So Monday will see whether the majority of my kids have good or poor eyesight. Of course, I won't hear for a few weeks but the thought of more outpatient appointments, more trips for repairs, more bills for spares, for sunglasses, for replacements, more panics when they are misplaced, snapped or lost, more questions about the price of contacts (yes Anna has already started asking for an appointment before she goes to high school, despite only being five!) fill me with fear and loathing. I hope my baby can see ok for her sake and for mine.

Hamster parenting

It's been a difficult couple of weeks on the hamster front. First there was Brock. I found out how looking after someone else's hamster is even more stressful that looking after your own...

Linda had left him here about ten days. We had one day to go. I even walked past his cage and distinctly remember thinking - he's been no trouble at all! He heard my thoughts...

I'm not sure who didn't put the lid on his cage properly - my money is on Léon as he fed him that night, but to be honest it might even have been me as I emptied his toilet. I've been a little distracted and swamped recently. It was 8am and I went into the living room to get the school clothes. I noticed the lid was squint. But Brock would still be in his wee house of course because Brock is timid and wouldn't say boo to a passing child... I took it off, his wee house was empty. I dug aimlessly in the sand and straw. I could see it wasn't deep enough to conceal him but he had to be there because I couldn't lose him 24 hours before pick-up. A two hour hamster hunt began. Of course he had potentially been out for 12 hours. Marcel had been in and out the back door to work. OMG - had he left the building? Was he under the number 4 bus? No sign.

When Rosie goes missing you rattle her food and she's nosy enough to come for a look. You might not manage to catch her but you do catch a glimpse of her so you know she's alive and well and findable, potentially at least. Two hours on, there was no sign of the wee bugger, nothing, nada...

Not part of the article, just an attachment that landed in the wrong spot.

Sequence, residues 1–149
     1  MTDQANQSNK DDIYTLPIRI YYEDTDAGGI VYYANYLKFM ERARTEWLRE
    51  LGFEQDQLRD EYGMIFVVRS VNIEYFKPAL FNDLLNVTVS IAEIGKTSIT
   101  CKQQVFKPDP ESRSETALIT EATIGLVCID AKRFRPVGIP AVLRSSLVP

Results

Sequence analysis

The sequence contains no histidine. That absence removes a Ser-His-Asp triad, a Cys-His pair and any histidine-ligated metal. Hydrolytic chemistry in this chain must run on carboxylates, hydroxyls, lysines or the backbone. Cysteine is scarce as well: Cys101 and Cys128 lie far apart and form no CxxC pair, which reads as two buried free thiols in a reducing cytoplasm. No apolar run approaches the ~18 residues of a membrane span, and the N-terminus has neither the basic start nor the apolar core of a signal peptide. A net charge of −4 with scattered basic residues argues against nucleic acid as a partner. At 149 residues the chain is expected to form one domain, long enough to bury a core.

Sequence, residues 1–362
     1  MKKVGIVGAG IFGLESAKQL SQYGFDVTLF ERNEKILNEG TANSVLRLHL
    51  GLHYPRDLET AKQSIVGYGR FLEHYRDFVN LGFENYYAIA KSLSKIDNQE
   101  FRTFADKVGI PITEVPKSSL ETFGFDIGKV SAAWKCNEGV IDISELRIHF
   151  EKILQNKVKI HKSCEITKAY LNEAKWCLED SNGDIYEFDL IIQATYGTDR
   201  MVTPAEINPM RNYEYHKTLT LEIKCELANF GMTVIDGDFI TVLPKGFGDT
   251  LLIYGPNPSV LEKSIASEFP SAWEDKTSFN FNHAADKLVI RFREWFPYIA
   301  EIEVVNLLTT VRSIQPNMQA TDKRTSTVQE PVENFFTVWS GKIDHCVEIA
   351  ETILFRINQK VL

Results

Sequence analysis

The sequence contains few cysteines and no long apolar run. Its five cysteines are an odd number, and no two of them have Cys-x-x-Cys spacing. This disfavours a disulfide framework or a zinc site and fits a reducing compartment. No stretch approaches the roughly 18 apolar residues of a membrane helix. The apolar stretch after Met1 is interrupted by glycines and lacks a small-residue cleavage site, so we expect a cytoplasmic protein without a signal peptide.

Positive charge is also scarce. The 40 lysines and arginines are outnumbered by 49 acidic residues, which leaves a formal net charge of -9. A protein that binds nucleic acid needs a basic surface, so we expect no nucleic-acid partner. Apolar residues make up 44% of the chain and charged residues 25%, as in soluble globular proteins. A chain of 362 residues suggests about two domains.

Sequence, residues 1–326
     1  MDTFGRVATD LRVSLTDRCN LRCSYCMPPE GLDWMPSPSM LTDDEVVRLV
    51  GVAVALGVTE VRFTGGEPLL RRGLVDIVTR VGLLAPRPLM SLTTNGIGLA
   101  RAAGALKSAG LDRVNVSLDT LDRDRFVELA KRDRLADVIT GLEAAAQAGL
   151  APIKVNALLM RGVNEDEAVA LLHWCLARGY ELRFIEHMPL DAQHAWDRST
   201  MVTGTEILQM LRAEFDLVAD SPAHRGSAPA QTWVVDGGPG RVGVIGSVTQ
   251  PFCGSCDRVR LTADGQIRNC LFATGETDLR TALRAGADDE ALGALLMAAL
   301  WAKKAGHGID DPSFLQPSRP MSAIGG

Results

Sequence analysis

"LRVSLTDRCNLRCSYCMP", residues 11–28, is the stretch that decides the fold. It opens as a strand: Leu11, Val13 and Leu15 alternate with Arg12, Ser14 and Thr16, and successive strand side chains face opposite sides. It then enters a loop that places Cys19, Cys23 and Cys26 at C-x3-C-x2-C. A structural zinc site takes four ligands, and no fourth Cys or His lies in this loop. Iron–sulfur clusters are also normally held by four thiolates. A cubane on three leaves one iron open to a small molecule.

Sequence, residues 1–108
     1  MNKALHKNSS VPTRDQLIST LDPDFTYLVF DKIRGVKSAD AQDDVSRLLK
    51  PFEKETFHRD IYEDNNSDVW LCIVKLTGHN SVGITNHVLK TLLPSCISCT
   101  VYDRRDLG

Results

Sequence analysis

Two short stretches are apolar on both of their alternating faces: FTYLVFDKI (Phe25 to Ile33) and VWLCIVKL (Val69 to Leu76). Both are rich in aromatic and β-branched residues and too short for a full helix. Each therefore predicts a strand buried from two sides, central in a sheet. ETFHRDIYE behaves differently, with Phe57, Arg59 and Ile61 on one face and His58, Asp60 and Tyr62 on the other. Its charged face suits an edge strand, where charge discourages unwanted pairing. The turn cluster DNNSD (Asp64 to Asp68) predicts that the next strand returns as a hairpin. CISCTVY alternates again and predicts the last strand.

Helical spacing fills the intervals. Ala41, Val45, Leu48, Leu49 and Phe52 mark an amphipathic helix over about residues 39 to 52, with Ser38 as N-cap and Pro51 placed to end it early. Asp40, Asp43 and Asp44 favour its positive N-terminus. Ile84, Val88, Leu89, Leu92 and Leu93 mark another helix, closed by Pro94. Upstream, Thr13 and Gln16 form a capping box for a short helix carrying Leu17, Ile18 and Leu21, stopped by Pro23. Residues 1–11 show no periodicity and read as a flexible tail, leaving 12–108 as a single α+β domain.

Desperate measures were called for. Our hamster ball is broken but Rosie is a girl and Brock is a boy. Thomas put Rosie in the ball and sellotaped it shut. He let her look for him. No sign in the kitchen, the TV room, the downstairs bathroom. In she came to the living room. Out he strolled from under the couch yawning, stretching and sniffing, not a care in the world. Wee shite! Up he got on his hind legs to smell Rosie through her ball. That was when he found himself promptly back in his cage minus the woman of his dreams... The following 24 hours till his owner turned up were spent checking him at half hour intervals and swearing at him for good measure!

My heart rate had almost returned to normal when, a week later, Thomas was away in Denmark. With all five asleep upstairs, I was woken up at 4am precisely with an almighty crash. What a week to be burgled - there was nothing for it but to jump out of bed and confront the intruder. I stuck on the lights and shot into the hall half naked. Rosie's cage door was open and she was sitting stunned on the floor, covered in sawdust with her hamster ball beside her in two pieces. On inspection she had popped the latch on her cage (which is 5 foot off the ground), pulled herself out, walked along the top of the door and got into her hamster ball which was sitting on the cupboard beside the cage. It had then rolled off and broken in two on impact. So our brain of Britain hamster had spent hours chewing her way out of her cage only to put herself into a hamster ball to investigate the house. you've got to admire the logic in that, don't you?!

I think the problem with hamsters is that they are quite lovable little creatures, but nosy as hell and determined to escape over and over. They are not great on your nerves once you are attached to them, that's for sure!

Monday, October 14, 2013

Seems to me it's a lose-lose situation